Lyon Walking Tour

On our second full day in Lyon we joined a free walking tour. It started with a look at one of the more well known boulangeries in the old town.

Many of the pastries that Lyon is known for are nut-based, like the slice of tart below.

Our much-too-large group then moved to Rue de Bœuf, home to several Michelin-starred restaurants.

Next we walked through some of the treboules, private laneways that cut under buildings and between city blocks. Originally created to let people reach the river more directly, these alleys were vital to the Resistance during the war.

They’re kind of hard to photograph but they often opened up into tiny courtyards or atriums where ancient stairs and passages could be seen.

We heard about the history of the city, from ancient times to now and looked at another of the huge murals. I couldn’t find a map anywhere online but our guide had an old one that I photographed in case any reader wants to see more of them.


We walked past an Irish pub and later Luke and I went back to have a croque monsieur each. The only other food the pub served was fish and chips and the bar tender talked and sang loudly to himself almost the whole time we were there. Appropriately mad, I suppose.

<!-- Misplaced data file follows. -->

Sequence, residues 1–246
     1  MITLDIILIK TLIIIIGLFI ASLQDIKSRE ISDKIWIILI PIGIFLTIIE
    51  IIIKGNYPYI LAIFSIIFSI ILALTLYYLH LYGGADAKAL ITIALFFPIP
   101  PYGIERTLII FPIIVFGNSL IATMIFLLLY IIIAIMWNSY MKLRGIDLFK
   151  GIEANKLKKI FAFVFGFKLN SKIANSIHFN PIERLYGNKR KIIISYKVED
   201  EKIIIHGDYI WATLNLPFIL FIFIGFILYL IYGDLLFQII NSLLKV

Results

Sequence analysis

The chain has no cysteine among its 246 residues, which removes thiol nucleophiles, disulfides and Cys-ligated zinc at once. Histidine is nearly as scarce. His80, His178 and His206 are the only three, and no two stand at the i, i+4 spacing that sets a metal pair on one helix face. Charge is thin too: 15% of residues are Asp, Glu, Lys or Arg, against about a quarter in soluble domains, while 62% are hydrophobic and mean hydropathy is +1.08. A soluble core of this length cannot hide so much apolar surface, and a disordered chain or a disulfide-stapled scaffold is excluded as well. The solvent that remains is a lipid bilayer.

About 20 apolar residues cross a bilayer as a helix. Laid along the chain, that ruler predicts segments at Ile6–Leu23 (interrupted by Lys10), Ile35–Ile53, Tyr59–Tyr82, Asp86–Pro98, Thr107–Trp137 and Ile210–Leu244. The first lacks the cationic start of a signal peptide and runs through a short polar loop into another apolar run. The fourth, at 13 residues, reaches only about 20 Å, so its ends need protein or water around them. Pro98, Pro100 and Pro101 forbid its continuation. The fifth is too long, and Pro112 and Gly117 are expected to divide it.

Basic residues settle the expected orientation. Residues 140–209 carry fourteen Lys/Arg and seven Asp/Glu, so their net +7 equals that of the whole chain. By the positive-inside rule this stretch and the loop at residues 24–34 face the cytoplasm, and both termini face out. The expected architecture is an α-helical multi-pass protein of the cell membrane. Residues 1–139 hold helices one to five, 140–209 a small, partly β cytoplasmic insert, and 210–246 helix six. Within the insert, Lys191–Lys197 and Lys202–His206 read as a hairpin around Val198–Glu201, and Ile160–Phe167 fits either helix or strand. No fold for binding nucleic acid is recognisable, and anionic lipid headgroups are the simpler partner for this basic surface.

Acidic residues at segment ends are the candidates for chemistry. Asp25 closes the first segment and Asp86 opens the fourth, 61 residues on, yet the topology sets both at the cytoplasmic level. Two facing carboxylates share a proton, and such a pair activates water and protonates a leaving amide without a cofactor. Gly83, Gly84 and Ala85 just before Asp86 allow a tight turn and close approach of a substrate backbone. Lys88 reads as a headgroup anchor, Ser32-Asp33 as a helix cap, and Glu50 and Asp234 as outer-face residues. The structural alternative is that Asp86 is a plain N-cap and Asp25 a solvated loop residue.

We probably saw and did a lot more on this day but I’ve left the writing-up for a week and now I’ve forgotten what else happened.

After a last meal out that evening we packed up our things ready to move on to our next stop – Nice!


On our way to Lyon from Geneva we found ourselves asking… why are we going to Lyon? We’d had the impulse to add it to our itinerary so long ago that we’d forgotten why.

Lyon is the second biggest city in France and we knew almost nothing about it. Food seemed to be the main notable thing, according to the blogs posts I’d read and the YouTube clips we’d watched, although we were a bit hesitant about the bouchons, restaurants that served the local traditional fare – fare that used every part of the animal. Tripe, liver and all that sort of thing featured heavily but fortunately there were other things to choose from.

First we checked into our hotel, a Best Western that gave us a tiny room but it was air conditioned (thank god – Lyon was our hottest destination yet at 37 degrees each day) and the location was perfect. Just across the river from the old town and around the corner from many galleries and restaurants. Although, to be fair, if you’re in Lyon you’re near restaurants. The city has more per capital than any other city in France… maybe in Europe.